It wasn’t all yoga at my Kaliyoga retreat in Spain. We walked, beautiful trails down into hidden valleys, the only sound the breeze in the trees and the occasional flute of birdsong. And one day, three of us went riding out into the mountains.
I love horses. I was the archetypal pony-mad child, with a stable of about twenty assorted equines – from Brandy and Whiskey (the stolid Exmoor ponies) to Atlendor and Fenodyree (one pure bred Arab, one Arab cross). So what if they were in my head? In my imagination I talked to them, cared for them, rode them for miles upon miles. They were my dearest friends.
I would save up all my pocket money so that, once a month, I could ride a real pony. I’d walk to the stables and back without complaint (a round trip of about three hours) just for the joy of sitting on a horse for an hour.
Anyhow. There is (to my mind) no better way to see countryside than atop a horse. So Susie, Niki and I opted for a couple of hours trekking in the Alpujarras. At Caballo Blanco (white horse) near Lanjaron.
Sarah, the owner, welcomed us and stuck helmets on our heads. Yup, the horrible motorbike skullcap type riding centres always seem to doll out (I swear it’s to make you look as hideous as possible). And then we went to meet our horses.
Sarah eyed us up, look one look at my hair and said, ‘You’ve got to ride Pasha – you’re the perfect match.’ Possibly the first time anyone has ever colour-coordinated me with a horse but I wasn’t complaining – she was beautiful. And Sarah explained she had been a rescue case – when she arrived at the centre she was pitifully thin and nigh-on bald. ‘She’s still not quite up to weight,’ Sarah said. 'So we are careful with her.'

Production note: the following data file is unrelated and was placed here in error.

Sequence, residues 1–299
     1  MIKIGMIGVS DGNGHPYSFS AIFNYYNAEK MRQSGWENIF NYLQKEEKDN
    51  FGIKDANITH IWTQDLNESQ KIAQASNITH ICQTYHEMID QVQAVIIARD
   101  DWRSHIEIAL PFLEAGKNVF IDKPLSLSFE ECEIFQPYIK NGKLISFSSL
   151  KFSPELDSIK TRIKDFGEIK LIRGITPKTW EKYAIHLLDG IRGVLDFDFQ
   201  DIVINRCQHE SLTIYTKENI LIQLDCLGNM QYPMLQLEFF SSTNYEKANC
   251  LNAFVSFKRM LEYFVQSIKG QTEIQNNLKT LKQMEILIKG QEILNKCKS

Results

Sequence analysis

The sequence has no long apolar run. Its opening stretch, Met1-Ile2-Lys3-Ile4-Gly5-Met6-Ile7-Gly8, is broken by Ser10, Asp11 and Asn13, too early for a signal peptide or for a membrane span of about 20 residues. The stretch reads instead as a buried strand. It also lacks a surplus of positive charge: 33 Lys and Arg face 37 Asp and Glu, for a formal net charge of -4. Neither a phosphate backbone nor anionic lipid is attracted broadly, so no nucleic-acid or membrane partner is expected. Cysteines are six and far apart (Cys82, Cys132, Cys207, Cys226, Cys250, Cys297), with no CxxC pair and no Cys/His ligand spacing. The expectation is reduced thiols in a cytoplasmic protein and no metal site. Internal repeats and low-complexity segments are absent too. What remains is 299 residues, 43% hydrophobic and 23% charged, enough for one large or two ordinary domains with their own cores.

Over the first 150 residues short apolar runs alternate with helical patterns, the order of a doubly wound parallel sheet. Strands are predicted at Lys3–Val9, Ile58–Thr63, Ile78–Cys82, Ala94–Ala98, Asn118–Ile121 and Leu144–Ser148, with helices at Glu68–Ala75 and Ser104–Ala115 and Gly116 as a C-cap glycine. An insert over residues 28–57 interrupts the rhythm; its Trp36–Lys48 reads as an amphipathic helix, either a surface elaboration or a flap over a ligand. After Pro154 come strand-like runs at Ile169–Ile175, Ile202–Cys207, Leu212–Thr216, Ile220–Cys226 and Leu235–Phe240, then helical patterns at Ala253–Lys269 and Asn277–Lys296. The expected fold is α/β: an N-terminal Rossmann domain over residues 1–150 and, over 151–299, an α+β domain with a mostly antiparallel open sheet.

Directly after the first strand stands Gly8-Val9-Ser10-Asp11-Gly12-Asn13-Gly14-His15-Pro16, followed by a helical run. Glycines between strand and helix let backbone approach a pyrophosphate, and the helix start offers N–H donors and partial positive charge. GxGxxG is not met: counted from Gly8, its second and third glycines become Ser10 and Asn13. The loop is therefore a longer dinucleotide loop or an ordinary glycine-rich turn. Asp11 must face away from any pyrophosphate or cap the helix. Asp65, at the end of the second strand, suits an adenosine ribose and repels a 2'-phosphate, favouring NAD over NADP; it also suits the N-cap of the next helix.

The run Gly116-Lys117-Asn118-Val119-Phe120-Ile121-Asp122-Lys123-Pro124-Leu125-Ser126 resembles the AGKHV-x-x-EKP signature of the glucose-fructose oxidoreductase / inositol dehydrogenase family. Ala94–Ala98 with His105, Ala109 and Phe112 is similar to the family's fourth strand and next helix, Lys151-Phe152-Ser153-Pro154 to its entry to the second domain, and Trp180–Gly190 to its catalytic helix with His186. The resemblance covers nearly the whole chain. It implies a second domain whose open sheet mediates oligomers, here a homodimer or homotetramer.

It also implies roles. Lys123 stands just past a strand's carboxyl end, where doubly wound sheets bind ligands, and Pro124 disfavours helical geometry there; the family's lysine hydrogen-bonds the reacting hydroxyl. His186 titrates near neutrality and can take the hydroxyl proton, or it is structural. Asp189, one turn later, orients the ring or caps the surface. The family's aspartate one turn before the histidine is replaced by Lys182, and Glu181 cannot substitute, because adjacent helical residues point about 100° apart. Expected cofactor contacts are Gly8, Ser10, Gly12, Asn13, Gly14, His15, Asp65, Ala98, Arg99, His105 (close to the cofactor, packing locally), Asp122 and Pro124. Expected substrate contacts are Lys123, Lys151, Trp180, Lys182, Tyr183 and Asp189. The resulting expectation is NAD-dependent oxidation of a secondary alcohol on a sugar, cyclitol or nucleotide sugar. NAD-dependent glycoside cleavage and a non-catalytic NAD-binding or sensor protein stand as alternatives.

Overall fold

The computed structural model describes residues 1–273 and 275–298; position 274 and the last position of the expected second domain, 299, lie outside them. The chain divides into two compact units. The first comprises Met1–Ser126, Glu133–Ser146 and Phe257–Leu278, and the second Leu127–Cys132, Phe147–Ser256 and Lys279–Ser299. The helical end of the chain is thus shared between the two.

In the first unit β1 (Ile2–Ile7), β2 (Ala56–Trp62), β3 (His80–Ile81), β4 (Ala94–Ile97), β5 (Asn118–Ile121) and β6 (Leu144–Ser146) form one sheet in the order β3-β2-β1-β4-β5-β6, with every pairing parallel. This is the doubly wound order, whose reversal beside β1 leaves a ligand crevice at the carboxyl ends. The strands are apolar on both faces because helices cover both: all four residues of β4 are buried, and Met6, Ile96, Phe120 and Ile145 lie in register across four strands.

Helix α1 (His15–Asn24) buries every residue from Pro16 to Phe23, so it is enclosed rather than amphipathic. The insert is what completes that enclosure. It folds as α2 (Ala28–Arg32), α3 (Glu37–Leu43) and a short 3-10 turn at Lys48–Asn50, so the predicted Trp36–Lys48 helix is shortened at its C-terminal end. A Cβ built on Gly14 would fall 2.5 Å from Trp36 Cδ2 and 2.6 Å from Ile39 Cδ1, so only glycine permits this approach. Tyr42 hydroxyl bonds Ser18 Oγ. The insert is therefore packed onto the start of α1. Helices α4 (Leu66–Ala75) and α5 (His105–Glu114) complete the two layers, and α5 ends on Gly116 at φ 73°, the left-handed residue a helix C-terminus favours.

Sarah rescues a lot of horses. They are lovingly brought back to fitness and health – sometimes it can take longer for the mental scars to heal than the physical (some of the horses had to learn to trust again, she explained). But the happy news is that when people come for longer stays (the centre offer all kinds of trail-riding) they often bond with their horse and many end up taking them home (leaving Sarah free to rescue more needy cases). With the economic situation in Spain still perilous, sadly there is an endless queue of horses in need.
Anyhow. We clip-clopped down the windy road and then turned off and went cross-country, charging up a narrow track beside a gurgling stream, ambling past remote homesteads, splashing through a mountain stream. It was gorgeous.
So, if you happen to find yourself in Andalucia, do go check out the white horses…and their friends. Just be warned, you might end up adopting one of them.
All pics by Susie Turner.